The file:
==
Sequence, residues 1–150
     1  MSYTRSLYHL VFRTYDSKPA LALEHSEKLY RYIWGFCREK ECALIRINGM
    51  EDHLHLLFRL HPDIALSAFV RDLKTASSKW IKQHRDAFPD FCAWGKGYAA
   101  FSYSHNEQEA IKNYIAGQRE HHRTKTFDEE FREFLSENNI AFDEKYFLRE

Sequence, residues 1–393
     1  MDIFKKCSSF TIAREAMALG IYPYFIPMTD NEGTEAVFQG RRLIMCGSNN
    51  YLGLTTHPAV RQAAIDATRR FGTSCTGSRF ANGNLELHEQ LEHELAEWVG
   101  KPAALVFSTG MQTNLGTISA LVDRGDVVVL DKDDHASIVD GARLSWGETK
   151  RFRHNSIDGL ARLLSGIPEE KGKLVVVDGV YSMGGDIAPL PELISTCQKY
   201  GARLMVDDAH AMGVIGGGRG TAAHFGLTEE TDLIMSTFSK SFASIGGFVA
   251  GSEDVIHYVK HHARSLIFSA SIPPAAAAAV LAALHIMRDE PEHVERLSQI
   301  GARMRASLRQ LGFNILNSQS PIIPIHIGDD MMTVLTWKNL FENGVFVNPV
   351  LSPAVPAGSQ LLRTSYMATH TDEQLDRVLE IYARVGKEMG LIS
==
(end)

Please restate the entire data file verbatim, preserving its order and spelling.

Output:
Sequence, residues 1–150
     1  MSYTRSLYHL VFRTYDSKPA LALEHSEKLY RYIWGFCREK ECALIRINGM
    51  EDHLHLLFRL HPDIALSAFV RDLKTASSKW IKQHRDAFPD FCAWGKGYAA
   101  FSYSHNEQEA IKNYIAGQRE HHRTKTFDEE FREFLSENNI AFDEKYFLRE

Sequence, residues 1–393
     1  MDIFKKCSSF TIAREAMALG IYPYFIPMTD NEGTEAVFQG RRLIMCGSNN
    51  YLGLTTHPAV RQAAIDATRR FGTSCTGSRF ANGNLELHEQ LEHELAEWVG
   101  KPAALVFSTG MQTNLGTISA LVDRGDVVVL DKDDHASIVD GARLSWGETK
   151  RFRHNSIDGL ARLLSGIPEE KGKLVVVDGV YSMGGDIAPL PELISTCQKY
   201  GARLMVDDAH AMGVIGGGRG TAAHFGLTEE TDLIMSTFSK SFASIGGFVA
   251  GSEDVIHYVK HHARSLIFSA SIPPAAAAAV LAALHIMRDE PEHVERLSQI
   301  GARMRASLRQ LGFNILNSQS PIIPIHIGDD MMTVLTWKNL FENGVFVNPV
   351  LSPAVPAGSQ LLRTSYMATH TDEQLDRVLE IYARVGKEMG LIS